Several factors are at play. Inflation has made the cost of some raw ingredients (like fish, meat and grains) skyrocket, and those going into your pet’s food are no exception. Plus, more people (particularly younger generations) want to feed their dogs healthy foods, which usually means more expensive kibble. One survey found that nearly three-quarters (69%) of millennial pet owners are more likely to consider foods whose recipes use naturally-made ingredients over “normal,” mass-produced foods. 

Special Diets = Spending More (So You Have To Find Ways To Save!) 

Melissa Walsh, Certified Financial Planner (CFP) and founder of Clarity Financial Design, says she’s been working with clients in recent months to adjust their budgets to account for rising food costs. “One had a dog who ate a specially-formulated, and rather costly, food, and one had a cat with dietary constraints,” Walsh says. “In both cases, the pet parents were unwilling to compromise on their pet food, preferring to instead focus their efforts on trimming expenses in other areas.”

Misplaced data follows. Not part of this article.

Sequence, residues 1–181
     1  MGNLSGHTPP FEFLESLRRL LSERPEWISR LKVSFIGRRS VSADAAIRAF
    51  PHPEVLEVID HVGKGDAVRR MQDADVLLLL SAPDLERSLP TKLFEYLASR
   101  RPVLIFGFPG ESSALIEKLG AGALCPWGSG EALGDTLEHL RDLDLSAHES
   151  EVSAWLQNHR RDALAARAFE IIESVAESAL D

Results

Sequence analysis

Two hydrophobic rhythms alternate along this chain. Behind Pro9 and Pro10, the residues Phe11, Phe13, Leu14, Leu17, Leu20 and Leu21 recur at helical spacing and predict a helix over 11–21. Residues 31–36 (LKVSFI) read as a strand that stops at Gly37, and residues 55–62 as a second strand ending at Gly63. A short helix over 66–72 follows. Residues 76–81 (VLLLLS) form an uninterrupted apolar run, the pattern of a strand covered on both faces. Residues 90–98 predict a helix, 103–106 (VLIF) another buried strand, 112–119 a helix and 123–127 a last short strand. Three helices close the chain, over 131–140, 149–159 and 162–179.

Thankfully, with a long, hard look at your budget, you can get serious about a monthly spending plan that allows you to work in everything you need to care for your animals properly. If you’re not sure where to start with your budget, coaching can help. 

FinanceFixx, HerMoney’s personal finance coaching program has new sessions starting every few weeks. You can work with a trained finance coach to create a personal budget, and learn proven strategies for paying off debt and building wealth. You can find out more or sign up here.